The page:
To be fair to Hubbert, he did not project the doom that today’s Peak Oilers, led by Richard Heinberg, predict. Hubbert thought that once Peak Oil was reached, nuclear energy would supplant oil as civilization’s primary energy source. That has not worked out so well, and is partly responsible for the drums of austerity and doom that Heinberg and friends beat endlessly. Deepwater drilling in the oceans is another high-risk, low-EROI operation, going after those dregs. We are nearing Peak Gas (and may have already reached it), Peak Coal, and even Peak Uranium. After this century, if we do not go to FE or something similar, the only energy resources left of note (wind and solar are way overblown as solutions, which Brian O eventually realized), will be coal, that low-EROI conventional “oil,” and stuff like the tar sands, as we will have a global EROI of four or so, if civilization can even function at those levels. Of course, if we go that route, there will be 600 PPM carbon dioxide in the atmosphere or so, which will rapidly melt the ice sheets in Antarctica and Greenland, displacing hundreds of millions of people. You don’t want to live long enough to see that show, much less star in it.

All that the fracking and tar sands booms did was put off the grim day of reckoning by a few years. Conventional oil will be completely depleted in this century at current rates of extraction. What Heinberg and friends got right, however, was that the energy crisis begins when Peak Oil is reached and supply and demand curves intersect and prices spike, not when the last barrel of oil is mined. Back in 2003, when I first encountered Heinberg and the Peak Oilers, he called the West’s strategy “Plan War,” in that industrial nations would simply invade and steal the oil from the world’s poor nations that sit on that oil, and today’s genocidal mayhem in the Middle East, led by the USA, is Plan War playing out. We are toying with having World War III over the world’s dwindling oil deposits before environmental calamities such as Global Warming clear Earth of billions of “excess eaters,” in the parlance of those in the milieu. Choose your poison.

Of course, the Fox News School of Oil Exploration and Global Warming denies that any of the above will impact humanity at all, or at least white humanity, with their “school” taught by blowhards such as Rush Limbaugh. They parade well-funded Global Warming deniers on their shows, who sold their souls to the hydrocarbon lobby, and declining EROI is not even a concept to them.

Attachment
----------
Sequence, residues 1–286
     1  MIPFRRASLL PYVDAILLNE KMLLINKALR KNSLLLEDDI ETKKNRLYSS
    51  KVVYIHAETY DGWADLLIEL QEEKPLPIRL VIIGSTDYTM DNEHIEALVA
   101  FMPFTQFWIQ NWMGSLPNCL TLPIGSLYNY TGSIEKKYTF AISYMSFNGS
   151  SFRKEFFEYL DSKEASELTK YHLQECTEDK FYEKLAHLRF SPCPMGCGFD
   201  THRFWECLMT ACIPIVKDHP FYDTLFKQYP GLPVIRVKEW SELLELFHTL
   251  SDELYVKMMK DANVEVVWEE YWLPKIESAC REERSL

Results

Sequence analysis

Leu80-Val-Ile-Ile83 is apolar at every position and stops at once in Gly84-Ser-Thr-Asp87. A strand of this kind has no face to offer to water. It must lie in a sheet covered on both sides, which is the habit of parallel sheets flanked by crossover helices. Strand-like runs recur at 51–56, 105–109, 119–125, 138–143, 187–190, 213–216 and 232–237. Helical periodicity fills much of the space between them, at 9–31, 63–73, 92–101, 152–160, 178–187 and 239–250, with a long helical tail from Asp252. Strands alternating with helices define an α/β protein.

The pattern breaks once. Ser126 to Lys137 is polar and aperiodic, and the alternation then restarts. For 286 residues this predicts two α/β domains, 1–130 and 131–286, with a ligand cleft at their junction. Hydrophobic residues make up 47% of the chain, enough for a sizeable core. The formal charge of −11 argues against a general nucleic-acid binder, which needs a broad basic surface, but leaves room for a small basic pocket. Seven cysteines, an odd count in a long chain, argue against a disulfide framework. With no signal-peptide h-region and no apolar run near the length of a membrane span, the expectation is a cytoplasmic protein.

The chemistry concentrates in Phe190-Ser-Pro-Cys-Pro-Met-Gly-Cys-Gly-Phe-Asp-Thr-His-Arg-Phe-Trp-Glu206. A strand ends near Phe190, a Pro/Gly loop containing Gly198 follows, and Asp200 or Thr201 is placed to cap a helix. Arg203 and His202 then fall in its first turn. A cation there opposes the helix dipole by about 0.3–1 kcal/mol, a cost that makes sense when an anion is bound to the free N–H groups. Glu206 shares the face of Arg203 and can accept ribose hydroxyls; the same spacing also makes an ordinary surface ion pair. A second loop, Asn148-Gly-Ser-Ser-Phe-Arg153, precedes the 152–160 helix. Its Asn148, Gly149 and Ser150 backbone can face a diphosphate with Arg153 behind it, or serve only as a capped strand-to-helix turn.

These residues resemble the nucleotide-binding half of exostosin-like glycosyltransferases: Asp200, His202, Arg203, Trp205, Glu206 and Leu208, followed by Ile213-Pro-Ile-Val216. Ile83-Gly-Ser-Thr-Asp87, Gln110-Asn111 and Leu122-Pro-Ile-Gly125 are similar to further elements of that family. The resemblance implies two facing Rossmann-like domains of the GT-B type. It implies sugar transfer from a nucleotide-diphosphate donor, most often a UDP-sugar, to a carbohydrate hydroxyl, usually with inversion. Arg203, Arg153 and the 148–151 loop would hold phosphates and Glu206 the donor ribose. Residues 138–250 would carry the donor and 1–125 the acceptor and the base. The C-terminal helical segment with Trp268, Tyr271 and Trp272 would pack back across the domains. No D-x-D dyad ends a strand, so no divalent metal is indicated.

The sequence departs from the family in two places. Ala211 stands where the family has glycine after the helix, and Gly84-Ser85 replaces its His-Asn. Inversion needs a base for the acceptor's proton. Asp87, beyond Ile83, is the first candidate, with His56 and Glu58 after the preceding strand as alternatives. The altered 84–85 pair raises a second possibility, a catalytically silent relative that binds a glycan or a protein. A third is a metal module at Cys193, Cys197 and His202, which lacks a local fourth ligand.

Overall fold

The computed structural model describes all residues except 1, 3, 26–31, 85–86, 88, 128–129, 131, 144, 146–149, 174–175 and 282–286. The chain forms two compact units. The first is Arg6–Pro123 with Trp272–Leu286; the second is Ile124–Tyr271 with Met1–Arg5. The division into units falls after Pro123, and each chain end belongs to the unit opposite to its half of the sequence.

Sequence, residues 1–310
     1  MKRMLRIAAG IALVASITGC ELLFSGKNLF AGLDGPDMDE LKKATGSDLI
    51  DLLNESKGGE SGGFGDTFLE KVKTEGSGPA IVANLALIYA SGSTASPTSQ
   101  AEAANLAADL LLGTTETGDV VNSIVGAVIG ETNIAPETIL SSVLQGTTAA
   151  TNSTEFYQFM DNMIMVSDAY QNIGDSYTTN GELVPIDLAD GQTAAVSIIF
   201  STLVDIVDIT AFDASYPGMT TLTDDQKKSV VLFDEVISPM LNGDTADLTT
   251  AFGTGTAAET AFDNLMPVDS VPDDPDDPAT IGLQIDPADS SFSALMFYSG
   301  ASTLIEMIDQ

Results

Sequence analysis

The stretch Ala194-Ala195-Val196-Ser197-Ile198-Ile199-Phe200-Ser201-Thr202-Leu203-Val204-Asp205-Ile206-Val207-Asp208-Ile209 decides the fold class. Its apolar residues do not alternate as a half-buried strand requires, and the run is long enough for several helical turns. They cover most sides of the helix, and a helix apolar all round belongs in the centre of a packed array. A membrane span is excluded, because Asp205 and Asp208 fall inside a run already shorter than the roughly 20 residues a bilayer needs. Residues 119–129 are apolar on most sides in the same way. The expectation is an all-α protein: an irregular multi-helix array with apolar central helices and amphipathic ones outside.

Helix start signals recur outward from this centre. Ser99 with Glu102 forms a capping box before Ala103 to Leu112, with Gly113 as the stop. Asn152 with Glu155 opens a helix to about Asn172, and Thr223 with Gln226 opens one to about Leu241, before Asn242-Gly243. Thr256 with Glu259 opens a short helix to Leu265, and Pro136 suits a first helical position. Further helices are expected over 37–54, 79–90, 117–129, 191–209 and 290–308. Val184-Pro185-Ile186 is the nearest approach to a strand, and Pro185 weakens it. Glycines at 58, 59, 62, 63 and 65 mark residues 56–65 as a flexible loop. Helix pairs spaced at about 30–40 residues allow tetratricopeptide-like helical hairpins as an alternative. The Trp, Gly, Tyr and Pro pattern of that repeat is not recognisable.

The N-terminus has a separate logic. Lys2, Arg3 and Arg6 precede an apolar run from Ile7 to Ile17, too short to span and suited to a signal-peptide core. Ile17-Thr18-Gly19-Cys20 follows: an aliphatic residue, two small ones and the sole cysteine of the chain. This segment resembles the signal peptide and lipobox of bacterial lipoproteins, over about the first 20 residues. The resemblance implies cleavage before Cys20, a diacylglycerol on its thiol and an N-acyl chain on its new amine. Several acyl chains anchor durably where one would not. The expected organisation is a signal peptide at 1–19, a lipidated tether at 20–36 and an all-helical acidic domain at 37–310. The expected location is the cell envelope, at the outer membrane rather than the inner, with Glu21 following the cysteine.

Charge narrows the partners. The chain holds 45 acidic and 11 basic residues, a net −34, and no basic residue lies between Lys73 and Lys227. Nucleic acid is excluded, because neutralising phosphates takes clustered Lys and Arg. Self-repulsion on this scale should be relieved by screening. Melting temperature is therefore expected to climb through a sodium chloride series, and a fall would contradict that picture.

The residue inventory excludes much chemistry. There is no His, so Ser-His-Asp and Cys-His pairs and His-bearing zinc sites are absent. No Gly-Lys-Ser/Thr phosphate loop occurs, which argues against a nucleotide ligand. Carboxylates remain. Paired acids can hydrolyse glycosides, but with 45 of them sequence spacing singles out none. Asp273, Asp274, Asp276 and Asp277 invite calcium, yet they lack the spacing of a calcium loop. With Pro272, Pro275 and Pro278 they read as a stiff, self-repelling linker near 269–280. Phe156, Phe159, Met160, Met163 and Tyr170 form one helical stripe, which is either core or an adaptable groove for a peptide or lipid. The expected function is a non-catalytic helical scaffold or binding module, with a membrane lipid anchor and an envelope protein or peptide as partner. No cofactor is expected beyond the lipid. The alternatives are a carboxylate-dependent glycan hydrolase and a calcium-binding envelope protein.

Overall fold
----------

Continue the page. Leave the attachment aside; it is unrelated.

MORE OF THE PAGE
I’ll wrap up these Global Warming and Peak Oil posts soon, and discuss their relevance to scientific literacy and my work.

Best,

Wade

Edited by Wade Frazier

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Hi:

I will wrap up these Global Warming and Peak Oil posts for now. As I often write, becoming scientifically literate on these topics is to not uncritically drink the Kool-Aid of dogma, but to become familiar with the hypotheses, the data, read the scientific papers and books, and develop the ability to assess the state of the issue.

On Global Warming, I won’t belabor it much, as I have already covered it, but there is no debate amongst credible scientists on these issues:



There is no controversy of any significance on those issues, and if you follow the so-called “debate” on Global Warming, it was begun by a bunch of scientists who sold their souls to the hydrocarbon lobby, and the corporate-owned media has obliged the hydrocarbon lobby by giving those whores a platform to air their “views,” to create the appearance of a debate where one does not really exist. If you read the work of the Global Warming “skeptics,” they almost solely focus on short-term oscillations and regional variation, which is irrelevant to the issue. There is far more bluster than substance to their contrary views, and a great deal of dishonesty. Some are just being contrarians, which you can find in all areas of science, but spinning hypotheses is not evidence, much less proof.